MACKENZIE, Colin

MACKENZIE, Colin. Stornoway, Lewis, Outer Hebrides 1753/54? — Calcutta 8.5.1821. British (Scottish) Colonial Officer and Pioneer of Indology in India. In India 1782-1821. Son of Murdoch M., a merchant. Through a clan connection he obtained a cadetship and came to Madras in 1782. From 1783 Second Lieutenant of Madras Engineers, 1789 First Lieutenant, 1793 Captain, 1806 Major, 1809/10 Lieutenant Colonel, 1819 Colonel. He became interested in Hindu civilization and started his collections in 1783 in Madurai, was then stationed in Coimbatore, Dindigul, Madras, Nellore and Guntur. In 1790-92 he participated in the war against Tipu Sultan, in 1796 in Ceylon. He prepared the first good map of the Deccan. In 1799 again in war against Tipu, then in Mysore Survey until 1806and conducted the first survey of Mysore. From 1807 Surveyor-General of Madras, in 1811-15 commander of engineers in Java. Conducted mapping of Tamilnadu, from 1819 as Surveyor-General of India in Calcutta. Died before he was able to return to Europe to arrange his extensive collections. C.B. 1815. Married 1812 Petronella Jacomina Bartels (of Ceylon, with Dutch ancestry).

Mackenzie was one of the first Britons who collected inscriptions and a pioneer of Jaina studies, but best he is remembered of his enormous collection of manuscripts. He himself never learned any Indian language and was thus dependent on his Indian assistants, whom he much appreciated and partly paid from his own purse.After his death this famous Mackenzie collection was purchased from his widow by Marquis Hastings. It contained manuscripts in Sanskrit, Arabic, Persian, Javanese and Burmese, inscriptions, coins, statues, drawings, plans, etc. The main part of it was brought to England in 1823-25 and deposited in India Office, only South Indian manuscripts and inscriptions remained and were deposited in 1828 in the library of Madras College where they were catalogued by William Taylor (now in Government Oriental Manuscript Library).

Publications: Papers on routes in Nellore and on the sources of the Pennar in Dalrymple’s Oriental Repository; Life of Hyder Ali in Oriental Annual Register 1804; histories of the Bijayanagar and Unaganda Rajahs, ibid.; papers publ. in a Batavian journal.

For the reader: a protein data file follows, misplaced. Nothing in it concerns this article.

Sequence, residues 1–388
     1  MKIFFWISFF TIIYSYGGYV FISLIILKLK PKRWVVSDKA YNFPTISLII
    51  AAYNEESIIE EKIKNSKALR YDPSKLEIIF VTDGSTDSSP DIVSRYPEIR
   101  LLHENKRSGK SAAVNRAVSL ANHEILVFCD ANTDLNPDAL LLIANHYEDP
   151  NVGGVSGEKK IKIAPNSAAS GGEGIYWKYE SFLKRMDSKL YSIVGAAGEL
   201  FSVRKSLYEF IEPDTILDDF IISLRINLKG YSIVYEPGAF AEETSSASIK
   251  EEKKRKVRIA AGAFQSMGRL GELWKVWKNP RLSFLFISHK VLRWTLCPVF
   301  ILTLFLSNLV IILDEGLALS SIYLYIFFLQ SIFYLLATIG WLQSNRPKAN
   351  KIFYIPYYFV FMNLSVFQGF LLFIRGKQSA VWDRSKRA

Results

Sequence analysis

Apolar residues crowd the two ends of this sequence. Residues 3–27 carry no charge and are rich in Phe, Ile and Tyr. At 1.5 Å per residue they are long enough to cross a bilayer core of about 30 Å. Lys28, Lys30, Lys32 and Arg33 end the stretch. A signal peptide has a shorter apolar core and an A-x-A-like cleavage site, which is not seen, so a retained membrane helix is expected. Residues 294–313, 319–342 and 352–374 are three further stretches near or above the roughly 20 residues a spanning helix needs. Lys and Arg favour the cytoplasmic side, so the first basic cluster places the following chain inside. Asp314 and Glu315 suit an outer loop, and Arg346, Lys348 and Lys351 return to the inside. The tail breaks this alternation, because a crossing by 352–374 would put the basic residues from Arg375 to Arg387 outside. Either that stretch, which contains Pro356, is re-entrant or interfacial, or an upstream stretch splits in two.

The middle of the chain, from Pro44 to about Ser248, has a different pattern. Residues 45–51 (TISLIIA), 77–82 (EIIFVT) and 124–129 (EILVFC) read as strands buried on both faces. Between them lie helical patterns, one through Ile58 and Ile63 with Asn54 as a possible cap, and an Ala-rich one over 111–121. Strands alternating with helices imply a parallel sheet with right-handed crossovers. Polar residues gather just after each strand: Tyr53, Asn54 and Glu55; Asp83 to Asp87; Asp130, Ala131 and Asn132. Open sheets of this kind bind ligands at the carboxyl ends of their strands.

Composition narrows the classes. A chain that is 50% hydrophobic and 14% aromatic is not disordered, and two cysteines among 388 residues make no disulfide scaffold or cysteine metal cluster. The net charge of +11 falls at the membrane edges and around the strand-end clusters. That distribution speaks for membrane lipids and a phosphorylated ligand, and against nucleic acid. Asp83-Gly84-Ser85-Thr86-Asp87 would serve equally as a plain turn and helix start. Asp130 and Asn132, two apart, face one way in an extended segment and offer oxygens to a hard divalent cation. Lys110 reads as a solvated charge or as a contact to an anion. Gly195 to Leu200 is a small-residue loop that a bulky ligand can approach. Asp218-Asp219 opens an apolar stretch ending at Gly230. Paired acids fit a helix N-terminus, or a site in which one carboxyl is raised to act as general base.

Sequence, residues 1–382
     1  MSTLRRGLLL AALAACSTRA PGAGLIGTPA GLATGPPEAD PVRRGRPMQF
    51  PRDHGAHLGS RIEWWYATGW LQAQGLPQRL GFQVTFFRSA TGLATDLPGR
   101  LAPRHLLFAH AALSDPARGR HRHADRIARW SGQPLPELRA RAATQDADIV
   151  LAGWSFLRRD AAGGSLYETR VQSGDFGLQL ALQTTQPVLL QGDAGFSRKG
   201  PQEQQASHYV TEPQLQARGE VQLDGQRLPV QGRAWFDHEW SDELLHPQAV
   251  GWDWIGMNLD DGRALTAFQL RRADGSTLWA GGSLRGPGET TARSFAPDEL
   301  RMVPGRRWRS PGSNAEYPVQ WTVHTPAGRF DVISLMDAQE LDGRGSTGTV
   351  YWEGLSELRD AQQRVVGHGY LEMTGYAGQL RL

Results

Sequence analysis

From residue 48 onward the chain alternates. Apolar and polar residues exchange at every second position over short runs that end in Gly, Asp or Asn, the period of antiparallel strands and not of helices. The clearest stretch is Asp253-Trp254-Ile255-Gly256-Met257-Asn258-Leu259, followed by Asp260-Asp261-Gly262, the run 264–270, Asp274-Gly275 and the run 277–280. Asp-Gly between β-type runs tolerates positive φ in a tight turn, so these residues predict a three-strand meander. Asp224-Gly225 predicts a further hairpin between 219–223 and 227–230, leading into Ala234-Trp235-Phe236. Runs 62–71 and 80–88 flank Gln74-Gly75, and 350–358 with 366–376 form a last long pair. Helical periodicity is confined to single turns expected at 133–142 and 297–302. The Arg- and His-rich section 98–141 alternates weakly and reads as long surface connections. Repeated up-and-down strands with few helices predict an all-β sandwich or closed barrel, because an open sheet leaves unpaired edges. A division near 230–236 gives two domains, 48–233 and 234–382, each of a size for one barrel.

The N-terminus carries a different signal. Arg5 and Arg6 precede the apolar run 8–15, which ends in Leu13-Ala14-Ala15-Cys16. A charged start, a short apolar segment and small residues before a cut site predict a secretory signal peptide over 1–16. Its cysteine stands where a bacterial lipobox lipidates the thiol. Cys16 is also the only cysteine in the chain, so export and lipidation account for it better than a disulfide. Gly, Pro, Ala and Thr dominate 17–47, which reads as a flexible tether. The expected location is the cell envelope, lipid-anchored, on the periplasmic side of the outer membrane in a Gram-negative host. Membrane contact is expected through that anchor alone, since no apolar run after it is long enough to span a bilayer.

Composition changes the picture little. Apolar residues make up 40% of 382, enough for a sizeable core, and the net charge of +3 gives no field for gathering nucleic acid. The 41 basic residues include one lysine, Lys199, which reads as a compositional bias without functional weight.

– “Account of the Pagoda at Perwuttum”, As. Res. 5, 1798, 8o repr. 303-314.

– “Remarks on some Antiquities on the West and South Coasts of Ceylon”, As. Res. 6, 1800, 8o repr. 425-454.

– “Account of the Jains”, As. Res. 9, 1807, 244-286; “An Account of the Marriage Ceremonies of the Hindus and Mahommedans, as practised in the Southern Peninsula of India”, TrRAS 3, 1835, 170-184.

– The Mackenzie Collection. A Descriptive Catalogue of the Oriental Manuscripts and Other Articles Illustrative of the Literature, History, Statistics and Antiquities of the South of India. Edited by H. H. Wilson. 1. 581 p. Calcutta 1828, rev. ed. 1882.

Sources: Life in the *2nd ed. of his Catalogue, 1882; H.M[anners]C[hichester], D.N.B. 35, 1893, 138f.; Buckland, Dictionary; *Al. Johnston, MJLS 2, 1835; *W.C. Mackenzie, Colonel C.M.: First Surveyor-General of India. Edinburgh & L. 1951; *T.V. Mahalingam, Mackenzie Manuscripts: Summaries of the Historical Manuscripts in the M. Collection. 1-2. Madras 1972-76; *P. Robb, “Completing ‘Our Stock of Geography’ or an Object ‘Still More Sublime’, C.M.’s Survey of Mysore, 1799–1800”, JRAS 3rd S. 8, 1998, 181-206; *Th. R. Trautman, (ed.): The Madras School of Orientalism. Producing Know­ledge in Colonial India. New Delhi: O.U.P. 2009; T. Wolffhart, Wissensproduktion als Staatsaufgabe. Colin Mackenzie (ca. 1753-1821) und das Projekt eines umfassenden Survey in Indien. Munich 2010 (diss.); Wikipedia with portrait.

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